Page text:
Wednesday, June 28, 2017

Is The Graph Connected or Not? (Implementation of BFS)

Today we are going to solve a very important problem of graph theory. It is to determine whether a given graph is connected or not. We use a very popular and important algorithm to solve this challenge called BFS(Breadth First Search) 

Problem Statement:

Given a graph with V nodes and E edges, we must find out whether it is connected or not.
From wikipedia: "A graph is connected when there is a path between every pair of vertices. In a connected graph, there are no unreachable vertices. A graph that is not connected is disconnected. A graph G is said to be disconnected if there exist two nodes in G such that no path in G has those nodes as endpoints."

Link To a Broader Description of Graph Connectivity

If you feel more comfortable learning the concept from a video, you can watch this youtube video:

BFS:

In order to solve this problem, we use BFS (Breadth First Search) algorithm. BFS is one of the most important and basic algorithms in graph theory.


You can also watch this youtube video to understand the graph path finding algorithm more clearly.


I will take help of  the Java code for BFS provided in geeksforgeeks.com. You can see the code in their website in this link.

I hope you clearly understand graph connectivity and BFS algorithm now. If you do, we can proceed to the solution building section.

Solution Approach:


If the graph is connected, BFS will traverse the whole graph i.e. all the nodes in a graph will be visited. But what if we encounter a disconnected graph. Suppose we have a graph of 5 vertices numbered 1,2,3,4,5. We suppose 1,2 and 3 are connected (component no. 1) and 4 and 5 are connected (component no. 2). The 2 components are disconnected. In this case, if the BFS starts from 1/2/3 it'll only traverse component 1 and if   the BFS starts from 4/5 it'll only traverse component 2.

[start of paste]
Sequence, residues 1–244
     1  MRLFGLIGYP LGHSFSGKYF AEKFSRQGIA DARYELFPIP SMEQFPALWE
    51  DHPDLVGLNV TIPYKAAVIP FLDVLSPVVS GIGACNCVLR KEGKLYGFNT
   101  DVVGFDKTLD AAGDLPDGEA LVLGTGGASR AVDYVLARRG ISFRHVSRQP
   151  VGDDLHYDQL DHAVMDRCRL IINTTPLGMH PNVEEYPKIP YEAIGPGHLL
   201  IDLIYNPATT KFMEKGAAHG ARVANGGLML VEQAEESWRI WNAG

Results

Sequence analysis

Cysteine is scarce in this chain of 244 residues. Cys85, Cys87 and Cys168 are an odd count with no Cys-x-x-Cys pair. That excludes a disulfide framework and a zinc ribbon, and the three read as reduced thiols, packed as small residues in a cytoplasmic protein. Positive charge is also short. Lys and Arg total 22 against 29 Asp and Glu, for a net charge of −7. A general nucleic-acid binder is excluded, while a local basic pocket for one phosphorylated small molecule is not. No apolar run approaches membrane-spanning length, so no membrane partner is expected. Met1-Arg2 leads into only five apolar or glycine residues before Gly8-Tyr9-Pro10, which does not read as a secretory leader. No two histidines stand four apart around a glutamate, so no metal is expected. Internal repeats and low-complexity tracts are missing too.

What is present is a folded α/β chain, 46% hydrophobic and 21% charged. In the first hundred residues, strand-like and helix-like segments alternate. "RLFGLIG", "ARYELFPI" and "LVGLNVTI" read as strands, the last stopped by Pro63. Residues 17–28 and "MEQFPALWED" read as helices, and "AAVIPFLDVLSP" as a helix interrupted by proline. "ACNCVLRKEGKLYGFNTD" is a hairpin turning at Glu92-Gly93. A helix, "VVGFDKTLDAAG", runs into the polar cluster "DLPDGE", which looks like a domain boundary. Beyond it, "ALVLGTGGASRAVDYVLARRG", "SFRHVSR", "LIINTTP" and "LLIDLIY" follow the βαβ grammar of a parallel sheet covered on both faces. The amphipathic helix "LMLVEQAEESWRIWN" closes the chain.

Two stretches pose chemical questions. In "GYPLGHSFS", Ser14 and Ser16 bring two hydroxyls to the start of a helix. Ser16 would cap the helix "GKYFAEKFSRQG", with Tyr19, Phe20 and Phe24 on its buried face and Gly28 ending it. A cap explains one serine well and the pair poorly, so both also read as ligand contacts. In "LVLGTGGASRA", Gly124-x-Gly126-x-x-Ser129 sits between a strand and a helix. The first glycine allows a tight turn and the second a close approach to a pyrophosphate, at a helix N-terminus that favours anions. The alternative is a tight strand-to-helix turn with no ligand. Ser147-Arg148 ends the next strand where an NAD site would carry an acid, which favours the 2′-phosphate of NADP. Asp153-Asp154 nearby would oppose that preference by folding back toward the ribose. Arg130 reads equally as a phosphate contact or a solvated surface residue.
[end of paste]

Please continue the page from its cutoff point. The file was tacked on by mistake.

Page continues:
So in the algorithm to determine connectivity, we traverse all the nodes in a loop and start BFS every time we find a non-visited node. This ensures we can reach all the components. Also starting BFS from every non-visited node in the loop means, we have encountered a new component. 


In the code n is the number of vertices while m is the number of edges. The next m lines consists of u and v - the 2 vertices of edge (the edges are bidirectional here.). Vertices are number from 1 to n here.

Then we call the BFS function to determine the number of components / clusters. Here we have for loop from 1 to n referring to all the vertices. If we find a non-visited node , we have reached a new cluster and so we increment clusterNumber (number of components). This variable is returned to main and it's determined if it is equal to 1 or not. If it is 1, we have only one component meaning the graph is connected , otherwise, disconnected.



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